I still have the OE 15x7 rims, but I use 245/60-15 tires, which fit perfectly.


You need a set of 20" chrome dubs on it with 35 series tires! LOL

Eric
06-09-2007, 11:32 AM
"You need a set of 20" chrome dubs on it with 35 series tires! LOL"

If I ever mutilate my car in that way, I hereby forfeit any right to continued oxygen... and may the ghost of John Z. have mercy on my soul!

Now here's a good-looking wheel:

ChevyMan
06-16-2007, 08:37 PM
While on subject of "tires",

Car with Front Wheel drive
Front tire treads looks more wore down than Rear pair
Manual recommends 'cross switching' (rotation)
Why not just switch RF to RR and LF to LR ??
Makes the job easier
What's your preference on such topic ??

DonTom
06-16-2007, 09:42 PM
"Why not just switch RF to RR and LF to LR ??"

My guess would be to help make up for slight differences in alignment.

I assume it would make no difference if everything was perfect, such as alignment being absolutely perfect.

But this isn't a perfect world, just as Wallgreens says ;D.

-Don-

chiph
06-16-2007, 09:42 PM
If they're directional tread, then rotating straight-back is pretty much the only option. Otherwise, I would criss-cross them to extend their life.

Pity the poor owners of high-end cars with directional tread *and* different sized wheels front-to-back. They can't rotate at all -- if there's excessive or unusual wear, their only option is to fix the problem and replace the tire.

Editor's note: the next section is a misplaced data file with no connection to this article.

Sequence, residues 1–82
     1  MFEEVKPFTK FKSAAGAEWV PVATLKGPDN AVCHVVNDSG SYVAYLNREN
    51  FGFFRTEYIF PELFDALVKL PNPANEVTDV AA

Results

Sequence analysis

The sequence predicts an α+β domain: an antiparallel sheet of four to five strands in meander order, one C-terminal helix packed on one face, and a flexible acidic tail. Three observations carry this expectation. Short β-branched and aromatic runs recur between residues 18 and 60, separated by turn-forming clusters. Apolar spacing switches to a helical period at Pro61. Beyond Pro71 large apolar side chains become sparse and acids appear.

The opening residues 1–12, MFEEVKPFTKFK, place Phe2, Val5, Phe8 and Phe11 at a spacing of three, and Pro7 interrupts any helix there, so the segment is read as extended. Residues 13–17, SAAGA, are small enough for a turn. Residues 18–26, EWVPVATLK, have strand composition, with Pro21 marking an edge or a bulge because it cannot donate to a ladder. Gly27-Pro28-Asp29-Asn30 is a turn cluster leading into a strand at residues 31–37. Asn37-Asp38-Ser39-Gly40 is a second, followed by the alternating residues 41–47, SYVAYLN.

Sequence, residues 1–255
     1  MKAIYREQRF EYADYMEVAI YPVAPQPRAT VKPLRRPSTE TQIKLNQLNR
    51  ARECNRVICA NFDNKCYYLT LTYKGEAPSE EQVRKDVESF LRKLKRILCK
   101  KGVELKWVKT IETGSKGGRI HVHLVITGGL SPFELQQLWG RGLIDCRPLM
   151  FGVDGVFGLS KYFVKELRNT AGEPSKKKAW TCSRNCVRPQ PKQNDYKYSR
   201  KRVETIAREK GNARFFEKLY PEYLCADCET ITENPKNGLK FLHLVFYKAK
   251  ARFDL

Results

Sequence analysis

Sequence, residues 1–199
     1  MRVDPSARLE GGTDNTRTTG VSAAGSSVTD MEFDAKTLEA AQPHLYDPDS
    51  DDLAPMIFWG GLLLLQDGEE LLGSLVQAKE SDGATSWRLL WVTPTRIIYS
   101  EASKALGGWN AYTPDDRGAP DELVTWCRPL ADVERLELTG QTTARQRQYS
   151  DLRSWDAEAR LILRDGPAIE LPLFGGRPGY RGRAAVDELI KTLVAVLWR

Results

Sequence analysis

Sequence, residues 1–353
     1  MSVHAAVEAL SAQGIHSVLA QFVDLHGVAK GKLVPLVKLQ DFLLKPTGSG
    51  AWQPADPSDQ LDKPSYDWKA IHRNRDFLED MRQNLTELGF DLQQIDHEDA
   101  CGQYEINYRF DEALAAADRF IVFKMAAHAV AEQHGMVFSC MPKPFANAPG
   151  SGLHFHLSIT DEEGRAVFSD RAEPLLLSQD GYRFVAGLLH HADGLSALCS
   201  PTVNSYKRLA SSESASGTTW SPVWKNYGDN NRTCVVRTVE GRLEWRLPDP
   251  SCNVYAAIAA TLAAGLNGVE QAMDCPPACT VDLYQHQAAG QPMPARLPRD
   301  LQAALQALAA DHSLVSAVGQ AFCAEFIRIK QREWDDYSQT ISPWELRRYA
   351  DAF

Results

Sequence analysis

Chip H.

mrblanche
06-17-2007, 10:37 AM
While on subject of "tires",

Car with Front Wheel drive
Front tire treads looks more wore down than Rear pair
Manual recommends 'cross switching' (rotation)
Why not just switch RF to RR and LF to LR ??
Makes the job easier
What's your preference on such topic ??




I usually just move front to back, probably from a long prejudice against reversing the rotation of radial tires, which experts say is not longer a concern.

Another plan would be to just wear out the front tires and replace them, and not worry about rotation. That way, you'll only have to replace two tires at a time, instead of four.



[/quote]

Dave Brand
06-17-2007, 01:03 PM
Another plan would be to just wear out the front tires and replace them, and not worry about rotation. That way, you'll only have to replace two tires at a time, instead of four.


That's my thinking. Tyre rotation seems to me to be something only Americans do. I think it can actually reduce the life of a tyre, as wear patterns fro& side to side tend to be different. Moving a tyre to another location can result in excessive wear over apart of the tread until it wears to the pattern of its new position; frequent rotation will exacerbate the problem.

D_E_Davis
06-17-2007, 02:56 PM
That's my thinking. Tyre rotation seems to me to be something only Americans do. I think it can actually reduce the life of a tyre, as wear patterns fro& side to side tend to be different. Moving a tyre to another location can result in excessive wear over apart of the tread until it wears to the pattern of its new position; frequent rotation will exacerbate the problem.

That seems to be contrary to my not-extensive experience. For several cars now I've had no trouble exceeding the tire maker's warranted life, and I'm a regular rotator. Now, that remark of yours would certainly hold true for a vehicle with alignment problems.